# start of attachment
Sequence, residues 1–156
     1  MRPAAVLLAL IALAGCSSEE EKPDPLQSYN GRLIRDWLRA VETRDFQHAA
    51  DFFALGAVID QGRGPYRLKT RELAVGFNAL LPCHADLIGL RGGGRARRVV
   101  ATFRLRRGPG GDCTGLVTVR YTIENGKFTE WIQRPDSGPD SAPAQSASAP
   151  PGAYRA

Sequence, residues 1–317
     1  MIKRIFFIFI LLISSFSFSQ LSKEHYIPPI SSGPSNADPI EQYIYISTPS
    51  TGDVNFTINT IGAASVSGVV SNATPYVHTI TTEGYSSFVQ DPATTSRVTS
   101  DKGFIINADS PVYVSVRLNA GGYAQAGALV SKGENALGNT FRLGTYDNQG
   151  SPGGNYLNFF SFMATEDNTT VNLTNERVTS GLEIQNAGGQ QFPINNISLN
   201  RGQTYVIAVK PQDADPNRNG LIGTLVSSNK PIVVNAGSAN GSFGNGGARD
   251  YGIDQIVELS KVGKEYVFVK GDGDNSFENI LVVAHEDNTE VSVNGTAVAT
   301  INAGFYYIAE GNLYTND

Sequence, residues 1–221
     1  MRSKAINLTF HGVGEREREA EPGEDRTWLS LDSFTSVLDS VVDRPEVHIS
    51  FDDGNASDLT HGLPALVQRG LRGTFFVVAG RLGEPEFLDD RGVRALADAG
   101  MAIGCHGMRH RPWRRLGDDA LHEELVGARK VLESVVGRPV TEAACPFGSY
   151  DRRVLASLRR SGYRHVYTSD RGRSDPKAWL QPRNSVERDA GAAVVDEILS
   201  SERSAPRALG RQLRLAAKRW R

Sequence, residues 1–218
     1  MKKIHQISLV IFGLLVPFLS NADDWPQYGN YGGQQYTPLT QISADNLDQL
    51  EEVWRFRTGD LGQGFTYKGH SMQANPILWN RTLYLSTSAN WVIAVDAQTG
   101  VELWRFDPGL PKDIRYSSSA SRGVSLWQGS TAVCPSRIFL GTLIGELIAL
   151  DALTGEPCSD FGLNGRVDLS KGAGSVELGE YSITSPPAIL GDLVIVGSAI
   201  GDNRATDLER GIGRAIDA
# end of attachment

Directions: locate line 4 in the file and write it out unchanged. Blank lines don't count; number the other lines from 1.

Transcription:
   101  ATFRLRRGPG GDCTGLVTVR YTIENGKFTE WIQRPDSGPD SAPAQSASAP